I don’t have that many details about this qualifier on Saturday as I do on Friday but from what I heard from other players it was just as chaotic as ours. They went through with the qualifier as they started at an earlier time, however, the swiss tournament ended just as late. This put many of the players at a disadvantage as the main tournament was due to start at 12 PM PST.
This was the main event, a single elimination bracket that contained 256 players. Deck lists were to be sent in text format to the tournament email. Many people were sending image formats and admins threatened to kick them out of the tournament if they did not send it in text format. From talking to a lot of players, many people sent in image format as they received the email late and had no idea what was going on and in the chaos just sent a deck list so they could participate in the tournament. Players later corrected their deck lists as we were waiting on the 256 players to check in instead of starting on time. I saw the bracket link and Teamspeak password being passed around in twitch chat of the tournament channel by players which meant that a lot of the players did not receive the email or got in without having to pay or go through qualifiers. Some players who went 4 wins or 5-0 did not receive the email or were not able to enter. In the end, 223/256 players showed up and checked in and the tournament was started. Instead of Challonge like in the qualifiers, Xfire was used instead. Teamspeak was chaotic as admins were trying to get people to add their game id onto their Xfire profiles, players were starting their matches. It was honestly pretty distracting to play and be in Teamspeak at the same time, however all of the instructions were given verbally. As round one matches came to a close, players were reporting their scores wrong. Some were reporting as individual games, others reported the match as a whole. Admins told the players to report the match as a whole, meaning if you went 3-0 you would put 3-0 instead of 1-0, 1-0 and 1-0 into the system. When players reported different the system didn’t recognize each player was trying to say the same thing so the brackets did not update unless the administrators did it themselves. As rounds progressed more and more players were being knocked out of the bracket and things got a bit less chaotic and quieter. The main bracket was a lot more smooth compared to the qualifiers the held the two previous days. Players decided to distribute the prize pool more evenly in the top four places of the tournament. In the end Phenomenon, Phonetap, Wonderware and Rupyness took first through fourth respectively.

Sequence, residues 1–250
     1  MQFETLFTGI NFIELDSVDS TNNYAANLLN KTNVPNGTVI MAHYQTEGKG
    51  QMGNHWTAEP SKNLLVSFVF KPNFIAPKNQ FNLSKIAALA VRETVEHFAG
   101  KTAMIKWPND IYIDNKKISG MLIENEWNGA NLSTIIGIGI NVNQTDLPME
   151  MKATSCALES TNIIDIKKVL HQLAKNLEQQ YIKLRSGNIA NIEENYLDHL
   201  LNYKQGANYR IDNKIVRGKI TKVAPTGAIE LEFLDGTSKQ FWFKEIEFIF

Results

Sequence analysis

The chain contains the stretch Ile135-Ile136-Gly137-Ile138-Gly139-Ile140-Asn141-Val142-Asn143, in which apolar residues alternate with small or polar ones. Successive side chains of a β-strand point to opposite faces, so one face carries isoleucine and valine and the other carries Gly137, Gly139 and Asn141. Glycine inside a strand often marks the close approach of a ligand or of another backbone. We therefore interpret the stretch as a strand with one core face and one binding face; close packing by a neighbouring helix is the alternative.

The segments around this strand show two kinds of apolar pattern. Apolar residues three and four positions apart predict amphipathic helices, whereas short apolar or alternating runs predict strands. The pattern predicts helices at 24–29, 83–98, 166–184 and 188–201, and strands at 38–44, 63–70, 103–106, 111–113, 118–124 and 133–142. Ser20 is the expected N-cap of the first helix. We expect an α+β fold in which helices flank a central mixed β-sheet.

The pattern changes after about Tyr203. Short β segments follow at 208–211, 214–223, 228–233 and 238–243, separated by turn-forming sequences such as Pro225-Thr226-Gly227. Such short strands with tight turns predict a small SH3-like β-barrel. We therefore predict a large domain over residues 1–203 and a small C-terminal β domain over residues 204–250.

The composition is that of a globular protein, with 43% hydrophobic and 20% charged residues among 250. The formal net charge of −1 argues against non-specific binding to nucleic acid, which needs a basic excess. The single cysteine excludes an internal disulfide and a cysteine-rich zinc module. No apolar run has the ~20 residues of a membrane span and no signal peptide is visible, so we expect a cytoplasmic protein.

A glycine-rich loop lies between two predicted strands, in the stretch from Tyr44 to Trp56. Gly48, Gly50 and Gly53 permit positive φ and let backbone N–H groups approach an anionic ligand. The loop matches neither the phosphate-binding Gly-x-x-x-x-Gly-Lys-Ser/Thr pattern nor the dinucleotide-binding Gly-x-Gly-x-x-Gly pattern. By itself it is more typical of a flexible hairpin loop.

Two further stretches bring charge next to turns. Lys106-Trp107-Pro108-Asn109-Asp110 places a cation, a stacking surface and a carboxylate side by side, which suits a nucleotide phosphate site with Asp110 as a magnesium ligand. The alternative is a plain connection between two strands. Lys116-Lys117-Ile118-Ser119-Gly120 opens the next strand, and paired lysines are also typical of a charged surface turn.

Many fake accounts were popping up over Reddit impersonating admins and Good Gaming. Many of the participants were blowing off steam on Reddit and talking about what the experienced. Many were not impressed about the fact that such a big tournament was so poorly organized and executed. This definitely left a bad impression on Good Gaming as a company. Many people were more confident in signing up for the tournament due to it being on the battle net client which means that Blizzard supports the tournament.
Authors Suggestions For Future Events
If they are hosting more tournaments, I don’t know how many people will actually sign up this time. However, there are a few key things they could look to improve on. They should have tested out their main communication tool, this time being Teamspeak. They should’ve put time before the event to learn how to administrate it, what everything does, find out its errors and try to work towards fixing it up before a disaster happens. Players would prefer IRC chats instead of Teamspeak as listening to admins give information verbally while playing can be really distracting. This causes players to just outright mute until they’re done and they miss the information. Compared to IRC it can easily be copy pasted or scrolled back up to see the important information. Challonge and Xfire should have tested as well so problems with reporting score, check in and setting up the brackets would not be a problem. Having a meeting before the event as an admin team to make sure everyone knows what they are responsible for, everyone seemed all over the place and if your administration team doesn’t know what is going on the players won’t either.